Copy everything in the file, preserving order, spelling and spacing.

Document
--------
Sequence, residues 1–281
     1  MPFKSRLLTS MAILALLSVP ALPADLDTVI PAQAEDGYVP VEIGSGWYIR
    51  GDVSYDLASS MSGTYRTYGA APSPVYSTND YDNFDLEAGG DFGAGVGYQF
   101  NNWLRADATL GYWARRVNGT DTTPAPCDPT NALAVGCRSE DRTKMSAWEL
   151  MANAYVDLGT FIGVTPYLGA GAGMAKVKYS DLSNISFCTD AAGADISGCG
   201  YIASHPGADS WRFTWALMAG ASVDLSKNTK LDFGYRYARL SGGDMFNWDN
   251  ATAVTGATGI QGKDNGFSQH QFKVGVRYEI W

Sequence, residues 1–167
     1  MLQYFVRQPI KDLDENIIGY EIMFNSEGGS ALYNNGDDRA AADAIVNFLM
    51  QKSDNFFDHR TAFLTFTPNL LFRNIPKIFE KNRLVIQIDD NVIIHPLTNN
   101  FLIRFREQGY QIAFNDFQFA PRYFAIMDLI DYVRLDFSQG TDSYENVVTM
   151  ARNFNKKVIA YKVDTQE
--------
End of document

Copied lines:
Sequence, residues 1–281
     1  MPFKSRLLTS MAILALLSVP ALPADLDTVI PAQAEDGYVP VEIGSGWYIR
    51  GDVSYDLASS MSGTYRTYGA APSPVYSTND YDNFDLEAGG DFGAGVGYQF
   101  NNWLRADATL GYWARRVNGT DTTPAPCDPT NALAVGCRSE DRTKMSAWEL
   151  MANAYVDLGT FIGVTPYLGA GAGMAKVKYS DLSNISFCTD AAGADISGCG
   201  YIASHPGADS WRFTWALMAG ASVDLSKNTK LDFGYRYARL SGGDMFNWDN
   251  ATAVTGATGI QGKDNGFSQH QFKVGVRYEI W

Sequence, residues 1–167
     1  MLQYFVRQPI KDLDENIIGY EIMFNSEGGS ALYNNGDDRA AADAIVNFLM
    51  QKSDNFFDHR TAFLTFTPNL LFRNIPKIFE KNRLVIQIDD NVIIHPLTNN
   101  FLIRFREQGY QIAFNDFQFA PRYFAIMDLI DYVRLDFSQG TDSYENVVTM
   151  ARNFNKKVIA YKVDTQE